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SL3: The Making of Ukraine: History and Culture of Early Modernity

This paper is available for academic year 2023-24.

Considering current events and the Russian-waged war on Ukraine, this paper redresses an existing gap in the coverage of the history and culture of Eastern Europe; it introduces students to premodern developments on the lands that are today Ukraine. Through the study of primary literary and visual sources, the paper leads students in an investigation of historical memory, identity construction, and statehood formation in the lands that have come to form modern Ukraine. Examining evidence of cultural resonances and experiences in texts and images, the paper explores how life was understood and visualised on the territory of Ukraine in different temporal and spatial contexts. Always with an eye on the present, the paper assesses the impact of the cultural inheritance of Kyivan Rus’, of the Grand Duchy of Lithuania and Ruthenia, of the Polish-Lithuanian Commonwealth, and of the Cossack Hetmanate on the changing formulations of nationhood and identity in Ukraine. 

Aside from acquiring knowledge of major historical periods and cultural trends that have engendered existing ethnic and political boundaries of Ukraine, students will learn about the multiple peoples, transcultural networks, and political alliances that have contributed to the contemporary formulation of Ukraine’s civic identity. Primary sources ranging from TV serials, videos, poems, polemical texts, epistolary writings, sermons, chronicles, constitutions, architecture, painting, and prints will allow students not only to analyse varied forms of written and visual expression, but to grasp the complex use of multiple languages, of diglossia, and of paronyms in different social domains as markers of both identity and its liminality. The exploration of the ever-changing concept of ‘nation’ will connect the individual lectures to each other and speak to the role of the past in the production of contemporaneity. All required readings will be available in English. All primary sources will be available in the original language/s as well as in English, Ukrainian, Russian, and, when available, Polish translation.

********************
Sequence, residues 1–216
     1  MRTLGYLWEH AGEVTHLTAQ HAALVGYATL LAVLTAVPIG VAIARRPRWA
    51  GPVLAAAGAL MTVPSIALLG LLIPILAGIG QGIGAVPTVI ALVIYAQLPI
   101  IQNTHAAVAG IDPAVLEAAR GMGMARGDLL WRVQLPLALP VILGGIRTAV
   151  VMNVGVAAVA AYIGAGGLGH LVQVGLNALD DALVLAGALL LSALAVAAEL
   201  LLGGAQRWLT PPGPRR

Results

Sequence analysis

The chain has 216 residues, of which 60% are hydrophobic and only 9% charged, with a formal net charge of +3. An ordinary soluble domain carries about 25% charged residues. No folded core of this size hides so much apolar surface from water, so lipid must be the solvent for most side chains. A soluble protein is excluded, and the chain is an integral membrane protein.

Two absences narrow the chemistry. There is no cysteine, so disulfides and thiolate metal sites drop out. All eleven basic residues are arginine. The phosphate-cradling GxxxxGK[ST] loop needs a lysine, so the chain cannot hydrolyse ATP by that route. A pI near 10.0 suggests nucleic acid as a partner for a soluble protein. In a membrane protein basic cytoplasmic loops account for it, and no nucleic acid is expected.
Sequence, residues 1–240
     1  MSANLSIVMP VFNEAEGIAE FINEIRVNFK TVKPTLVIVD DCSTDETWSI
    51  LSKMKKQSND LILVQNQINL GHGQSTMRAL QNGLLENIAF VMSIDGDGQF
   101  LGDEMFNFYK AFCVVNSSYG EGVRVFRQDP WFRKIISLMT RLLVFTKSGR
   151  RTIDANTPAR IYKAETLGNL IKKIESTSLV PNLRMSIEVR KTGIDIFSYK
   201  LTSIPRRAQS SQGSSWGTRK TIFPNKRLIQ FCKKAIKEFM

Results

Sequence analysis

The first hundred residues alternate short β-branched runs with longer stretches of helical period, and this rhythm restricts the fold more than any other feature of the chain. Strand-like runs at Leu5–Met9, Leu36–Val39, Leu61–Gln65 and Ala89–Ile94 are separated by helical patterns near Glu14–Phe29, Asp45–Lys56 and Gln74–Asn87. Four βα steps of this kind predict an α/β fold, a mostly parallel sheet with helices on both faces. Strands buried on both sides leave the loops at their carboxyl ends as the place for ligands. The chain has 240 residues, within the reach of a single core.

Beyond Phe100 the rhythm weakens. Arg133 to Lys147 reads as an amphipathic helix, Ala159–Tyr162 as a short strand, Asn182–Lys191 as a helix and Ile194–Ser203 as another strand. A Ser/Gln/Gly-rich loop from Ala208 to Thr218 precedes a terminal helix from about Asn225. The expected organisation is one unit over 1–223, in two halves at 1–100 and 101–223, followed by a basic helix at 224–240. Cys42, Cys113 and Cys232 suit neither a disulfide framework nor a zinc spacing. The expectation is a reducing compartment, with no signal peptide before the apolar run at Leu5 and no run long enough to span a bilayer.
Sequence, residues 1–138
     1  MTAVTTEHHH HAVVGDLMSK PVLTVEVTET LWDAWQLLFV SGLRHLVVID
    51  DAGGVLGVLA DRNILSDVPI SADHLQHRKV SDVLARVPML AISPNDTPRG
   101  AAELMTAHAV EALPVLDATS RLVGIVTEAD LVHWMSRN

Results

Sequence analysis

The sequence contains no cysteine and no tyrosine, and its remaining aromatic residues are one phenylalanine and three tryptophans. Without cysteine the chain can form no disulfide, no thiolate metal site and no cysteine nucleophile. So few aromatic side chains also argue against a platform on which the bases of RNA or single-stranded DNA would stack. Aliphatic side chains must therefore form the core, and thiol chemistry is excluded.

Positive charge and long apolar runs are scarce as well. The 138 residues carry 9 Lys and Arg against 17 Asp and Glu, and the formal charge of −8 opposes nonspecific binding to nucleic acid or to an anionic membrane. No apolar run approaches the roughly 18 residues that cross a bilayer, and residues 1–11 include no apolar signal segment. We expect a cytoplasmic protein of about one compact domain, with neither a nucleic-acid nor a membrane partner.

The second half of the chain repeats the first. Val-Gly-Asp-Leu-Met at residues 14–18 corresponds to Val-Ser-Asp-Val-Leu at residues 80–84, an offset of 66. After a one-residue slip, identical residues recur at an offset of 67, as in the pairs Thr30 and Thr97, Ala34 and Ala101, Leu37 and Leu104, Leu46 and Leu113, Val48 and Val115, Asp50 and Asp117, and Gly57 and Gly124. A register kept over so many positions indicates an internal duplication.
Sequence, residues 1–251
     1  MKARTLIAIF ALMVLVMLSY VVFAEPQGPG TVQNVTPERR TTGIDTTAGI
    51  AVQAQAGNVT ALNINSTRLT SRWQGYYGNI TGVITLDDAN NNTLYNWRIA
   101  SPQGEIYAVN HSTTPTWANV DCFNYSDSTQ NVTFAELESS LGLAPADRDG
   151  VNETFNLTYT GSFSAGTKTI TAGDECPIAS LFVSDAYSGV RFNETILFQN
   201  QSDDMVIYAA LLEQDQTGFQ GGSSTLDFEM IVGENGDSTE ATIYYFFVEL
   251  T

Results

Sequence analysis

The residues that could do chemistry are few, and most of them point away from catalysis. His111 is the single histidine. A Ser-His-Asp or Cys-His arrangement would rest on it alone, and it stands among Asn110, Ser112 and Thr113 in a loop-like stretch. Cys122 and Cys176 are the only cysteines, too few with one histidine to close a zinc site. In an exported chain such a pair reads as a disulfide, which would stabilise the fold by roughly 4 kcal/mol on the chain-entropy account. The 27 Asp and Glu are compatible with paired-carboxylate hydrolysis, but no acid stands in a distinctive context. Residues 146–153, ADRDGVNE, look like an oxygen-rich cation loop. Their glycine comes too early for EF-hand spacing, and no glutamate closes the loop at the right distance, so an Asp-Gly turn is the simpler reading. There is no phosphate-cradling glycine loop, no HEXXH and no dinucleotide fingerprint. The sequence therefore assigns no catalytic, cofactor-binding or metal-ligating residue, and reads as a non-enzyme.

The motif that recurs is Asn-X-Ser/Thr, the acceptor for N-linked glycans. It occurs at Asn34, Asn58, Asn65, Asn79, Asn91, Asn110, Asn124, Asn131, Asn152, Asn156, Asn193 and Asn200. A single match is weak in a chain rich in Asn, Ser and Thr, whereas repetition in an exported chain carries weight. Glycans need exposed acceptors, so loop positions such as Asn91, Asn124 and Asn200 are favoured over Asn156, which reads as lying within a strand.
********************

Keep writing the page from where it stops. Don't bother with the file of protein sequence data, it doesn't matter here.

The paper examines nine topics that proceed chronologically but are explored thematically. Each topic focuses on one written and one visual primary source. Two lectures and one supervision are dedicated to each topic. The lectures outline the historical-cultural context in which the primary sources were produced, while the supervisions focus on the analysis of the sources themselves.

1.    BACK TO THE FUTURE (Ukraine today; reading of primary source)
2.    WHAT WAS AND WHO ‘OWNS’ KYIVAN RUS’ (medieval inheritance)
3.    CULTURAL CARTOGRAPHY OF UKRAINIAN LANDS (political realities in the late Middle Ages and Early Modernity)
4.    THE PRINCE AND THE PAUPER (social and cultural landscapes of the late Middle Ages)
5.    CONCEPTUALISING THE RUS’IAN NATION (myths and memory in the late Middle Ages and Early Modernity)
6.    RUS’ AT THE CROSSROADS (concepts of nationhood in Early Modernity)
7.    GRANDEUR AND SPECTACLE (discourse of monarchy and autonomy)
8.    IDENTITY IN THE HETMANATE (social and cultural landscape of Early Modernity)
9.    UKRAINE AND LITTLE RUSSIA (ideology and discourse in Early Modernity)

As with the SL2: Early Rus’ Paper, this paper does not have a specific language requirement for enrolment for Part IB students. Part II student must have reading knowledge of Ukrainian, Russian or Polish. All students are encouraged to study the original texts and note their use of language/s. Students with working knowledge of Old Church Slavonic, Old East Slavic, Middle Ukrainian (Chancery Rus’ian, Prosta mova, etc.), Ukrainian, Polish, Russian, Latin, English, French, and German are encouraged to read primary sources in the language/s accessible to them. All primary sources will be available in the original language/s as well as in English, Ukrainian, Russian, and, when available, Polish translation. All required secondary readings will be in English.